Well, if you require accuracy...... ;-)

    Since it's a dado, use a piece of the matching board. A chicken and egg sort of thing.

    These new "poly urethane Gorrilla glues" make fit up a breeze.

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    I know the dewalt 10 ras very well, a light duty machine, (I have one ) I can not think of a more dangers opp than tring to run a dado head on it (ripping might be a tie ). Your hand will be holding the work and the other controlling the slide. The overhead slide is not ridged, it will move and the dado will bite into the work. now you have to decide what hand is going to hit the off switch...at light speed or the smoke will leak out of the motor...Phil

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    Quote Originally Posted by Phil in Montana View Post
    I know the dewalt 10 ras very well, a light duty machine, (I have one ) I can not think of a more dangers opp than tring to run a dado head on it (ripping might be a tie ). Your hand will be holding the work and the other controlling the slide. The overhead slide is not ridged, it will move and the dado will bite into the work. now you have to decide what hand is going to hit the off switch...at light speed or the smoke will leak out of the motor...Phil
    Why would any sane person use their hand to hold the work when running a cross grain dado.

    DOODO would be the better word for the operator.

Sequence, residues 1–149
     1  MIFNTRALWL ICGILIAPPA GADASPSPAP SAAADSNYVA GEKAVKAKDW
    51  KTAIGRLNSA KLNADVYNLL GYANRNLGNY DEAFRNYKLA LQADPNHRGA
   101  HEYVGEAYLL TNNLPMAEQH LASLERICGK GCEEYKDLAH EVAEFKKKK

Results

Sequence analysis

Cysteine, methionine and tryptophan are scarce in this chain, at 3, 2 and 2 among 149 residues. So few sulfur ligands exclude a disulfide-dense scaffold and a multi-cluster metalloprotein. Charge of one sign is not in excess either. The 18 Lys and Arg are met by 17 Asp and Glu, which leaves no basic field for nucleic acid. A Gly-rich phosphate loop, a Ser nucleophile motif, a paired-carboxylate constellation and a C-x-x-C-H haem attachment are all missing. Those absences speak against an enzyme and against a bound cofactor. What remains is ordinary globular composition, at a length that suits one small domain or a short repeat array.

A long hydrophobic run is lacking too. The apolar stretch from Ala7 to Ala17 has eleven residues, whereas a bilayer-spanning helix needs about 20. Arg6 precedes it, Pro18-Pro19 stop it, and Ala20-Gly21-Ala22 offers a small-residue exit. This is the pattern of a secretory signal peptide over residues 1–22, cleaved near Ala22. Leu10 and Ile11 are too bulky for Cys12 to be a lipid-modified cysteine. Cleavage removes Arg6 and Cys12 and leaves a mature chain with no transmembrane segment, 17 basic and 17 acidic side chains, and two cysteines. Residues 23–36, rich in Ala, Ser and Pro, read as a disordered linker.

No different than running a dado on a table saw, Use the sled, Clamp the work to the sled.

    A RAS makes it easy. A cross cut into a fence. You don't need to be an idiot if you don't want to be.

    Ripping a dado? The RAS is NOT the right tool. Neither is a chain saw.

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    Quote Originally Posted by sfriedberg View Post
    I seem to remember stark warnings from 30-40 years ago about how dadoes on a radial arm saw was a fool's game, but I never had a RA saw rigid enough to even consider that task.
    Me late Dad was near-as-dammit "queer for" his beloved 1950's DeWalt. Had all sorts of factory kit, reverse running drills, dado heads, plural. They made it, he had it. They did NOT make it, he had "third party". Tried to prove a DeWalt radial saw was the only tool mankind would ever need, bookcases to brain surgery.

    Yah can certainly DO it. Even in tough as nails hardwoods.

    He went over the top dadoing and rabetting the living s**t out of anything as gave him the least excuse to show-off!



    I just shook my head and harboured the best damned wood chisels I could find. Or make. Easier to carry to the work than lifting that "sacred royalty" saw out of 20-foot of custom-built Oak workbench, bolting the legs back on, loading it on and off the trailer.

    And then I bought a coupla routers...

    No Klew what modern kit will FIT, let alone what is or is not SAFE.

    But the saw is surely "up for it"!

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    I wouldn't do it with a standard dado set but have had no issue doing it with dedicated tooling- as in a Wadkin dado set on a Wadkin BRA saw.
    The 10" Dewalt is too lightly built- even the Dewalt GP was marginal with the same dado head.

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    I've cut quite a few dados on 12" and 18" Delta RAS's making shelving.
    Never tried on lighter Sears or DeWalt machines but note dado accessories were always offered in their catalogs.
    Approach all machine-work with caution, acute focus and SHARP cutting tools.
    Cordially,
    "Lefty"